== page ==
Enough designing – next step… code.

ShadowNinjaMonkey Awakes

This is hopefully the start of a series of posts about my work developing a game for the iPhone. First, some history…

The origins of this game comes from the Global Game Jam 2010 (a great annual event where teams must design and make a game in a weekend – definitely worth getting involved in).

I had pitched the idea the previous year, but our team finally got around to making it this year. The title was ShadowNinjaMonkey, and the idea in a nutshell is this: black and white ninjas hunt/battle each other in a black/white world of dynamic shadows, where the white guy is hidden in the light, and the black guy is hidden in the shadow. Inspiration for the idea clearly came from here:

This video was embedded using the YouTuber plugin by Roy Tanck. Adobe Flash Player is required to view the video.

The result of the weekend was very satisfying, but the final game was FAR from finished.

You can try the original version here. It requires the Unity plugin, and another player on your local network (you have to enter their IP) – like I said: FAR from finished.

The player was just a dot, his sword only stuck out sideways, it was very hard to control, the combat wasn’t fully thought out, and it would crash if you finished the level. But hunting each other in the dynamic lights and shadows turned out to be a lot of fun, and we ended up winning several jury votes for the best game (resulting in having to make some very confused sleep-deprived speeches – I’m the mumbly longhaired guy at around minutes 7 & 11).

This video was embedded using the YouTuber plugin by Roy Tanck. Adobe Flash Player is required to view the video.

We agreed as a team to work on this further after the Jam, and although we’ve separately investigated aspects of it, we haven’t focussed together enough to produce anything of note (here is an experiment I made in Flash). I’m hoping this will change. I’ve been working on the control logic on and off (in a variety of languages, including flash and javascript), but have finally started to work on what (I hope) is the final iteration.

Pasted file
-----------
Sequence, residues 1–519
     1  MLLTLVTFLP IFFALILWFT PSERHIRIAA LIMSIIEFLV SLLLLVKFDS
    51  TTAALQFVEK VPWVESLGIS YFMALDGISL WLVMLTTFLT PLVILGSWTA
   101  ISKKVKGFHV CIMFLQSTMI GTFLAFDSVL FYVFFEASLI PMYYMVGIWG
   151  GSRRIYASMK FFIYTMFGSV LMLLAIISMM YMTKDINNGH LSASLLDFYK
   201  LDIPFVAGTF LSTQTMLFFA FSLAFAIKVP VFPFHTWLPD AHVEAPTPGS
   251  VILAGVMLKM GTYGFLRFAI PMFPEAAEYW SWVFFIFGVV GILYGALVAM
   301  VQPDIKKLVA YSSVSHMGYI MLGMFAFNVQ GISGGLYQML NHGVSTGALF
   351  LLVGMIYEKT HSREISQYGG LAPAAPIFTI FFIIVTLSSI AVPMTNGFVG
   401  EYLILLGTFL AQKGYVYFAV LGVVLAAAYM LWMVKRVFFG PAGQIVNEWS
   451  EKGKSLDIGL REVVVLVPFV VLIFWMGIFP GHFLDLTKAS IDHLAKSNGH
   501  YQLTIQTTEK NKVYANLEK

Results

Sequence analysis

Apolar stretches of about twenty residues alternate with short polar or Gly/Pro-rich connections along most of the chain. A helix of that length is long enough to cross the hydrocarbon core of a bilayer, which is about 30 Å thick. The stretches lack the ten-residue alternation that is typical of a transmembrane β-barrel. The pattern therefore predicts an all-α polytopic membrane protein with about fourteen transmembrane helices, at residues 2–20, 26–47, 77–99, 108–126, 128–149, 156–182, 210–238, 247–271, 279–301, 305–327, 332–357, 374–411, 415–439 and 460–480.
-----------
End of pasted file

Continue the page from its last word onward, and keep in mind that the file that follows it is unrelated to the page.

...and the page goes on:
As mentioned above, the iPhone is the destination for this game. There are many reasons for this… I am working as a Cocoa developer during the daytime, I want to practice iPhone development, it has proven itself as a game platform that works, and there are more opportunities for making some money on the AppStore than in the browser, desktop or console.

So, what is the purpose of this blog? Well, mostly I’m hoping to motivate myself into seeing this through to the end. Also, if this does lead somewhere it will be an interesting log of my thought processes. I will try to regularly update these pages with my progress, game design ideas, artwork, anything really.

Coming Soon… An engine, some code, and some improved designs.

[june 09]

Design, artwork and coding for rock band The HotRats’ official homepage. It uses Twitter/Youtube/Flickr to provide and manage the site’s content.

[july 07]

A large-scale World of Warcraft database site, providing advanced searches of over 25,000 ingame items. This personal project received over 3500 unique visitors daily.

Sit Down, Stand Up – Radiohead

This video was embedded using the YouTuber plugin by Roy Tanck. Adobe Flash Player is required to view the video.

This music video for Radiohead’s ‘Sit Down, Stand Up’ (from their album Hail to the Thief) was produced as a final year individual project for my BA in Computer Animation & Film Special Effects at Bournemouth University. It took roughly 8 months to complete during 2004/2005.

  • Maya 6 / Photoshop 8 / Shake 3.5 / After Effects 5.5
  • Project Report – The project report, worth 20% of the overall grade
  • Mouth Rig test – A simple test of the main character’s facial blend shapes

Roadhouse Blues – The Doors

This video was embedded using the YouTuber plugin by Roy Tanck. Adobe Flash Player is required to view the video.

An animation completed for a 2nd year university project at the NCCA in 2004. As it was an open brief I decided to focus on music analysis, and so I limited myself to using only primitives. The ideas of design and form of Johannes Itten, and also the abstract animations of Norman McLaren were influential in this project.

  • Maya 5
  • Project Report (pdf) - A brief description of my thought processes

All Gates Open

This video was embedded using the YouTuber plugin by Roy Tanck. Adobe Flash Player is required to view the video.

This was a 2nd year group project (2003/2004) for the BA in Computer Animation and Film Special Effects at Bournemouth University, with 6 members in the group. The plot is based upon a Philip K. Dick short story called ‘The Electric Ant’.

My role in the project involved cinematography, lighting, editing, ambient sound, plot outline, and managing the renders. This was a very collaborative project, and we were all involved in most aspects of the production.

The other members of the team were:
Dave Hunt / Tim RidgardeDan Blacker / Alex Wilkie / James Whitworth

  • Music by Godspeed You! Black Emperor
  • Maya 5 / Shake 3 / Premiere 7
  • Project Report (pdf)A very brief summary of the work I put into this project